This feature, enabled by instant settlement, eliminates any capital requirement for bidders (excepting gas)—in the sense that even a participant with zero DAI (and nothing to trade for DAI) could still purchase from an auction by directing the sale of the auction’s collateral into other protocols in exchange for DAI. Thus, all DAI liquidity available across DeFi can be used by any participant to purchase collateral, subject only to gas requirements. The exact mechanics are discussed below, but essentially a participant needs to specify a contract (which conforms to a particular interface), and calldata to supply to it, and the auction contract will automatically invoke whatever logic is in the external contract.
Detailed Overview of a Purchase of Collateral
The purchasing function (
Clipper.take) behaves as follows:
The caller supplies five arguments:
- the numerical id of the auction to bid on
- the maximum amount of collateral to buy (
amt)—a purchase behaves like a limit order
- the maximum acceptable price in DAI per unit collateral (
- address that will receive the collateral and have its (internal to the protocol) DAI balance debited (
- an arbitrary bytestring (if provided, the address
whois assumed to be a contract with an interface as described below, to which this data is passed)
Once a call has been made, several initial checks are performed:
- a reentrancy check to ensure the function is not being recursively invoked
- that the auction id corresponds to a valid auction
- that the auction does not need to be reset, either due to having experienced to large a percentage decrease in price, or having existed for too long of a time duration
- that the caller’s specified maximum price is at least the current auction price
Then, the amount of collateral to attempt to purchase is computed as the minimum of the collateral left in the auction (
lot) and the caller’s specified quantity (
amt)—the resulting value is the
slice. This value is then multiplied by the current price of the auction to compute the DAI owed in exchange (
owe exceeds the DAI collection target of the auction (
owe is adjusted to be equal to
slice is set to
tab / price (i.e. the auction will not sell more collateral than is needed to cover debt+fees from the liquidated Vault).
Once the collateral to buy and corresponding DAI owed are determined, a check is done to ensure that the remaining DAI collection target either exceeds a minimum amount or is zero; if not, the function reverts. Callers should be aware of this possibility and account for it when possible.
Next, collateral is transferred (within the protocol’s accounting module) to the
who address provided by the caller. If the caller provided a bytestring with greater than zero length, an external call is made to the
who address, assuming it exposes a function, follow Solidity conventions, with the following signature:
clipperCall(uint256 /*owe*/, uint256 /*slice*/, bytes calldata)
The first argument is the DAI owed (as a 45 decimal digit fixed-precision integer, or
rad), the second argument is the collateral being purchased (as an 18 decimal digit fixed-precision integer, or
wad), regardless of the precision of the external token contract), and the last argument is identical to what bytestring the caller originally supplied to the purchase function. As mentioned earlier, a locking mechanism prevents reentry into the purchase function during this external call for security reasons.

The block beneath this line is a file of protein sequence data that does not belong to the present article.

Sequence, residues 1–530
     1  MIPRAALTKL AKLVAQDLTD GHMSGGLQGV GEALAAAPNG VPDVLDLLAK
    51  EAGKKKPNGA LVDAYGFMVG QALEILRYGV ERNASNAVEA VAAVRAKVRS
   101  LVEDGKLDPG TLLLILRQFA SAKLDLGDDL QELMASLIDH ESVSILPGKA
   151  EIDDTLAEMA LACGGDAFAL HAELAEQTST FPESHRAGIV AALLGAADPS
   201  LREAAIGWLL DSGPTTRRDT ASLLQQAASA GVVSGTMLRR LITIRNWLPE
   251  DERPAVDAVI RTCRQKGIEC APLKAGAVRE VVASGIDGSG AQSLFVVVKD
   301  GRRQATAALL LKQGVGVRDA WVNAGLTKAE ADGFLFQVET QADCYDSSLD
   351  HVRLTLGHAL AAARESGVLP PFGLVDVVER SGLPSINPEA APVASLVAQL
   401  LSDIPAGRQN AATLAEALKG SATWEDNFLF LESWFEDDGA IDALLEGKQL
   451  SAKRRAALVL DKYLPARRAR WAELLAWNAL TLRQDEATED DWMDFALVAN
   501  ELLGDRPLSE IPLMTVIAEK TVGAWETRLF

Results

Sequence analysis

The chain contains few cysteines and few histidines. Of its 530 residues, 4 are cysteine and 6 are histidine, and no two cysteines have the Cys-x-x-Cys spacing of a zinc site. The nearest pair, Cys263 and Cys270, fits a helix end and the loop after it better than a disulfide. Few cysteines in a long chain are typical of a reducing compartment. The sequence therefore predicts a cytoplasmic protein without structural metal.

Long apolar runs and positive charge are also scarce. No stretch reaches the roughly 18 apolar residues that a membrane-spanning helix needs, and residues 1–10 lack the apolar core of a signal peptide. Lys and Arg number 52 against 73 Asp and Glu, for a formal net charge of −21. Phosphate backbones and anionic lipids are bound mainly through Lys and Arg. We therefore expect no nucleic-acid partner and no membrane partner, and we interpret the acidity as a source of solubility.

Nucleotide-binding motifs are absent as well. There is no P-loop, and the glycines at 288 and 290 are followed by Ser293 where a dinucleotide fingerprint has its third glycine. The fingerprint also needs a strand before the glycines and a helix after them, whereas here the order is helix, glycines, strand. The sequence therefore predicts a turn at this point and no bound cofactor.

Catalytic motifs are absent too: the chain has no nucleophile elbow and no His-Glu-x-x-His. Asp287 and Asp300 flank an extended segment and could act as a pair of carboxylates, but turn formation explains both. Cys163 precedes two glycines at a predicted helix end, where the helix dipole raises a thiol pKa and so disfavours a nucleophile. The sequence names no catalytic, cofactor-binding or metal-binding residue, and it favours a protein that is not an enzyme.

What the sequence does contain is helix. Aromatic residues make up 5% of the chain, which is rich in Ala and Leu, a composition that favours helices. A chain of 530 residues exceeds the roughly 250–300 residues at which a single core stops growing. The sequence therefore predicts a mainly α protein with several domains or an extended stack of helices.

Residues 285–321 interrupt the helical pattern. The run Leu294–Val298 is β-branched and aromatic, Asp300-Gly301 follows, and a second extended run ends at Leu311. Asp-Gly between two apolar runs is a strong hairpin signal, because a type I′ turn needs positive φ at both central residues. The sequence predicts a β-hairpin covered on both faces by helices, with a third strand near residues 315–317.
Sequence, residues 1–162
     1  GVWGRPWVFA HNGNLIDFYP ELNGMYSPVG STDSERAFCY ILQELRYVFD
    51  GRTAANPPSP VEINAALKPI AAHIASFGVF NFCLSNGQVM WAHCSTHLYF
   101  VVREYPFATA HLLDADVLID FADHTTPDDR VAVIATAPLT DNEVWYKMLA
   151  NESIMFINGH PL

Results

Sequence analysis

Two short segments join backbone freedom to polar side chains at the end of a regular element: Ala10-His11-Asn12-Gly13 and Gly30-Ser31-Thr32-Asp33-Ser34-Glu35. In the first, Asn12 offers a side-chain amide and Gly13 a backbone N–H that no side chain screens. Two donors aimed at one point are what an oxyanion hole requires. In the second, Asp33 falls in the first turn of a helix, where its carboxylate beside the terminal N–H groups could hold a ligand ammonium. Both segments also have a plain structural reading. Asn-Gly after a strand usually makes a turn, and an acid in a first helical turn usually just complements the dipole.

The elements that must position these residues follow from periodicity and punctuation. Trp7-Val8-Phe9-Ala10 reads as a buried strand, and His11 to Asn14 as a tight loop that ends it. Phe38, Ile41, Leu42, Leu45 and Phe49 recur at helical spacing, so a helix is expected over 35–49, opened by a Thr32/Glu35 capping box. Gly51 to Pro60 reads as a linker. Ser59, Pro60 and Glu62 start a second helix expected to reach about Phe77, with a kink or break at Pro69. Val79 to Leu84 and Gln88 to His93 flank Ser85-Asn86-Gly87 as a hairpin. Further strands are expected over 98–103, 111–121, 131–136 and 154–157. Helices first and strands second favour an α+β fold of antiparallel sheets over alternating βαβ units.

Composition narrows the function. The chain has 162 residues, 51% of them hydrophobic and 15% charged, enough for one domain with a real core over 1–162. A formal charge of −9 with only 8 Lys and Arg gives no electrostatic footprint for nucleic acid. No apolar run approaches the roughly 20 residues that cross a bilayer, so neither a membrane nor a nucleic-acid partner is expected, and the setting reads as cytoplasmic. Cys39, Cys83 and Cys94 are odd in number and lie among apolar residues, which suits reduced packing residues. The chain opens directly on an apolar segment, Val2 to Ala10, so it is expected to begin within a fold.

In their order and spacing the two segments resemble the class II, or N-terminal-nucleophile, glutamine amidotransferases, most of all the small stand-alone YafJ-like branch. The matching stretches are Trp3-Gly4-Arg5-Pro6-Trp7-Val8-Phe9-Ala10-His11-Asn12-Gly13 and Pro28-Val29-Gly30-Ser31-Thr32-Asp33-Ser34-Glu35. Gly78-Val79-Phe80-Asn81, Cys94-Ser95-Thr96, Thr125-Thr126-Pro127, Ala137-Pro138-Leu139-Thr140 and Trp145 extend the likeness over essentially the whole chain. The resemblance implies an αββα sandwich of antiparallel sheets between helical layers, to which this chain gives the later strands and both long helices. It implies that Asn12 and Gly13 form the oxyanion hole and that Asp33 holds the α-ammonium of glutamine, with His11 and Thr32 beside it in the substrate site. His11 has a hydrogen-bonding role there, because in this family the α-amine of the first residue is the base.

After the external call completes (or immediately following the transfer of collateral, if no external call was executed), DAI is transferred (internally, within the core accounting module) from
who to the protocol.
Lastly, various values are updated to record the changed state of the auction: the DAI needed to cover debt and fees for outstanding auctions, and outstanding auctions of the given collateral type, are reduced (via a callback to the liquidator contract) is reduced by
owe, and the
tab (DAI collection target) and
lot (collateral for sale) of the auction are adjusted as well. If all collateral has been drained from an auction, all its data is cleared and it is removed from the active auctions list. If collateral remains, but the DAI collection target has been reached, the same is done and excess collateral is returned to the liquidated Vault.
Price as a Function of Time
Price versus time curves are specified through an interface that treats price at the current time as a function of the initial price of an auction and the time at which it was initiated. How to determine the most effective price curve for a given collateral is still an active area of research; some initial options (linear and stairstep exponential) have been implemented for research purposes. Other candidates besides these include a piecewise linear curve and a piecewise exponential curve. Feedback or suggestions are particularly welcome in this area.
Resetting an Auction
As mentioned above, auctions can reach a defunct state that requires resetting for two reasons:
- too much time has elapsed since the auction started (controlled by the
- the ratio of the current price to the initial price has fallen below a certain level (specified by the
The reset function, when called, first ensures that at least one of these conditions holds. Then it adjusts the starting time of the auction to the current time, and sets the starting price in exactly the same way as is done in the initialization function (i.e. the current OSM price increased percentage-wise by the
buf parameter). This process will repeat until all collateral has been sold; contrast this behavior with the current auctions, which reset until at least one bid is received.
There will be a community stakeholder meeting on Wednesday, October 14, 2020 17:00:00 UTC. If you’re a community stakeholder interested in the outcome of
LIQ-2.0 and have questions, comments, or concerns, please bring them to this meeting.